Chapter 5: MInd Puppets

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Status: Finished  |  Genre: Literary Fiction  |  House: Booksie Classic

Reads: 117

Chapter 5

“You might think it’s funny, these two tourists from Alabama just happening along.  But we know.  We’ve been touring Mexico for five weeks now, and boy, when you can find another American to talk to, it’s the best part of the day, eh, Sandy?”

“Absolutely, Harold.  Nothing matches the sound of an American voice, talking American after you’ve been out here for five weeks.  The Cantina had its usual assortment of drunken tourists and natives dancing to the alternating sounds of Tito Puente and any other promo CD’s the owner had come by.  Swaying in the ocean breeze were Piñatas hung from the ceiling, an occasional rotating dance floor light identifying them as the major décor. 

For the un-acclimatized, the outdoor patio offered some additional relief from the Baja heat.  Beyond that, there was the colder air blowing in off the ocean surf.  Earlier in the evening, the newlyweds had chosen the latter.  Now as they sat together on the edge of the water, their feet firmly planted in the wet sand, getting rid of Harold and Sandy from Mobile was becoming formidable, even harder than the Winnebago.

“You folks didn’t say how long you been travelin’,” said Sandy.


Max smiled and pushed his feet another five inches into the sand.

Sam leaned back on her hands, dropped her head and stared up at the stars.  In a perfectly awful Italian accent, “It is awful to be so far away from home, yes?  Only stars to guide you.  We travel for… how long we travel, Alfonzo?  He no like to talk, but maybe, I think maybe seven, eight weeks in Mexico-co.  We try so hard… so hard.”

Sandy knelt down.  “Oh you poor thing.  Tried so hard for what, deary?”

“How you say, make connection?  Alfonzo dies very fast.  The Aid thing is very bad.  We have traveled all over to find just one "connection.”  In Roma, very hard to get what you call, shit.  Here, in Mexico, Mama said would be easy.  No one wants to be our connection.  Alfonzo need many ounces a day.  You know connection?”

Harold lifted Sandy to her feet.  “Now, you folks don’t stay out too late.  Water can come up faster than a jack rabbit.”  He chuckled at his feeble attempt to be polite.  “If I see a connection, I’ll send him right on down, ya hear?”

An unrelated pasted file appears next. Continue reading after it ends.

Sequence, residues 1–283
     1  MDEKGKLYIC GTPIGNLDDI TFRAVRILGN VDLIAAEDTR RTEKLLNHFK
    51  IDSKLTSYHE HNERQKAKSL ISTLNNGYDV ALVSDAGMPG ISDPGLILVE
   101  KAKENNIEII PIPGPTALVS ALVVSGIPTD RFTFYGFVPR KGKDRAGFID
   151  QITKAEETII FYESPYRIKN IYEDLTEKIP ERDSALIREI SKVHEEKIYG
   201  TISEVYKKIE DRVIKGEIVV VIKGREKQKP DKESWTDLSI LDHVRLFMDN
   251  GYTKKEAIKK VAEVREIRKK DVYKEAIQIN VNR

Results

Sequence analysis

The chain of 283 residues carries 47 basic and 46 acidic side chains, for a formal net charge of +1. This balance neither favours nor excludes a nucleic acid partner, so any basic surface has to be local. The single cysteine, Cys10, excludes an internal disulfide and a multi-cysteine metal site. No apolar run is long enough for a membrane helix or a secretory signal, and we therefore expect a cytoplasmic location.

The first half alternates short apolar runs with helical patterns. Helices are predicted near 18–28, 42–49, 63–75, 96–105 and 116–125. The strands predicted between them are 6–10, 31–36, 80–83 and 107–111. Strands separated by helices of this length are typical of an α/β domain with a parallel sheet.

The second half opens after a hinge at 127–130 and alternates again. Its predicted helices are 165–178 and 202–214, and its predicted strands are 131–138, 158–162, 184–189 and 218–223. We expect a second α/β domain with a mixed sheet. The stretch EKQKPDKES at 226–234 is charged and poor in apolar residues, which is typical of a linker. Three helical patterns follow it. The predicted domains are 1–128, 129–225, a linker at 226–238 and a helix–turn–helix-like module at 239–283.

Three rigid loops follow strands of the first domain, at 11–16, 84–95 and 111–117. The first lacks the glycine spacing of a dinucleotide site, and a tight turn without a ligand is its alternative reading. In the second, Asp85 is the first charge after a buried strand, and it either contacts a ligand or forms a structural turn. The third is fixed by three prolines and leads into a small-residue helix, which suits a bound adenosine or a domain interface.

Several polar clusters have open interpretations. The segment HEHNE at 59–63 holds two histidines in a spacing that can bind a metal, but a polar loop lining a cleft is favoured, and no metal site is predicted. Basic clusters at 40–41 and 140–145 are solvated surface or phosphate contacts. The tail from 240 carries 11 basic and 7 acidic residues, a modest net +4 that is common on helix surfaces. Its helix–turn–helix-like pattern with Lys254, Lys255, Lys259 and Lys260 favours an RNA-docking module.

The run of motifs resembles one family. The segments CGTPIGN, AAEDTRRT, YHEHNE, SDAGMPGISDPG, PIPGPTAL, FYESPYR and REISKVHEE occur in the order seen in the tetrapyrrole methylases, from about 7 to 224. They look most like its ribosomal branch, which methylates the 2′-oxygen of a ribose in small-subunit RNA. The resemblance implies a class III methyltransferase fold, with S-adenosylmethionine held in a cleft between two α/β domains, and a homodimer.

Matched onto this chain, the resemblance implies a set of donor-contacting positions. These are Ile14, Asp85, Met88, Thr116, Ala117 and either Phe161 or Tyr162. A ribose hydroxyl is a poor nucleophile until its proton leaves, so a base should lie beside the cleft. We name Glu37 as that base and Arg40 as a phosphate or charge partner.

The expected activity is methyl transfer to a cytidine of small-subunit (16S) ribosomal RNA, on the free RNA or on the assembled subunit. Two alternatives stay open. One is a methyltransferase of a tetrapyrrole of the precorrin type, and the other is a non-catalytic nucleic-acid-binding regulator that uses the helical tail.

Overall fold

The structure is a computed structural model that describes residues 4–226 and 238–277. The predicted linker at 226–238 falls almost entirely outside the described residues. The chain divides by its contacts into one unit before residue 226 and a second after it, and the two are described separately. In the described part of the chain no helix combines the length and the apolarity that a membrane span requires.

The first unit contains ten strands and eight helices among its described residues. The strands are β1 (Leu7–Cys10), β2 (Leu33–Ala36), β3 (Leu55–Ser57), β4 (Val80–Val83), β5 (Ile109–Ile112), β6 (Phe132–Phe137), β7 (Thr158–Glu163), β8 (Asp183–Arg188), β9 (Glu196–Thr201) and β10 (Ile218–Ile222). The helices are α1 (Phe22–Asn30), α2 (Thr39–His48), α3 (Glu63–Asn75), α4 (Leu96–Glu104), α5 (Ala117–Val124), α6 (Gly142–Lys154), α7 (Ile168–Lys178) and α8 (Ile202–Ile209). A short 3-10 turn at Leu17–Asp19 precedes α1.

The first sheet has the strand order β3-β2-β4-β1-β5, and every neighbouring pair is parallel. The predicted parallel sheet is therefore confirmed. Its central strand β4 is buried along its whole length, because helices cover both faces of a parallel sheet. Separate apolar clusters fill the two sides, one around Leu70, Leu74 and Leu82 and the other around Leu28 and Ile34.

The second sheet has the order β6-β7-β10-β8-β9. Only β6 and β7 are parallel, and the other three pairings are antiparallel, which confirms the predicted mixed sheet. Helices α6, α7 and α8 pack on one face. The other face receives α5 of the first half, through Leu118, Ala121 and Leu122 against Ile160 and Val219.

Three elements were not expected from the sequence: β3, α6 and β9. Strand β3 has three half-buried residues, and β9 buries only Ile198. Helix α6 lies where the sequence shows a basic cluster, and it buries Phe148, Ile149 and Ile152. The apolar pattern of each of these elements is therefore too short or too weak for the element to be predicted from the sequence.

Max watched Harold and Sandy’s moonlit shadows disappear along the sand.  “Are they gone?”

“Oh, Alfonzo, you talk!”  Sam rolled over on top of him, stuffing sand in his pants.

Max laughed and struggled to stand up.  Sam leaped on his back, riding him into the surf.

Harold and Sandy, halfway to the Cantina, turned toward the raucous of Max and Sam splashing around in the water.  “Drugs is awful, eh, Sandy?”  Sandy stopped and slowly shook her head.  “The worst.  Just the worst.  Such a shame.”  They turned and headed for the Cantina.  “Margarita ‘for sleepy time?” said Harold.  “Oh, just a little one,” whispered Sandy.

Max carried Sam from the water and placed her down on the sand with all the gentleness and cavalier flare he could muster.  “This is the Sam I love.”

“Because you like my Italian accent?”

“Because you are most beautiful when you laugh… and make me laugh.”

“Because I don’t like boredom?”

“Because you don’t like boredom?”

He put her down.  She took his hand and they walked along the shore.

Sam grinned.  “Because you like that I protect you?”

“Yes, because you protect me.”

“From what?” she asked.

“From Harold and Sandy,” he laughed.

“And all the other bad things out there?”

“Yes.  From all the other bad things out there.”

“And BIG Winnebagos?” she continued.

Max restrained his laughter, and smiled.  “Yes, of course.”

“Of course, what, Max?”

“The Winnebagos.”

“There’s only one, Max.  Only one Winnebago.”

“I know, Sam.  I know.  I was just repeating… It’s getting a little chilly all wet like this.  Why don’t we…”

“So why do you try and make it worse than it is by suggesting more than one Winnebago?”

“C’mon, honey.  It’s late.  You’re tired and I’m…”

“Bored, like me, Max?”

“I didn’t say anything about being bored.”

“Well, I was bored, until the Winnebago driver scared hell out of me.  You know what it’s like to be standing at the mirror in a ladies room and have an eye peer at you from the other side?”

Max tried to break the direction everything was going and broke into a jog.  “Race you back to the hotel?”

Sam pulled her hand away.  “You go ahead, Max, I’m going to check the parking lot out first.  You know neither of us will sleep well if I don’t check it out.  Won’t take a minute.  Big Winnebago isn’t hard to find if it’s there.”

As she turned in the direction of the parking lot, Max paused a moment, then moved up along side her.  As they disappeared into the darkness, he placed his arm around her shoulder.


The sun rose through the orange dust of a windy morning.  The adobe façade of the Hotel Royal cast the early shadows across the pool and down to the shore.  White uniformed waiters scurried toward the beach bungalows carrying trays of sliced papaya, limes, tall glasses of orange juice and—

“Good coffee?  Is it good coffee?” asked Max with kindly consideration for the answer he knew he’d get.  The waiter placed his tray on the veranda overlooking the ocean. 

“Si, Senor.  We make it special.”

“Oh, well, of course.  If you make it special, it’s got to be good.  Honey, coffee’s here.  Oh, did you bring milk, lots of milk?”

The waiter opened one of the three stainless steel pourers.  “Milk, cold.”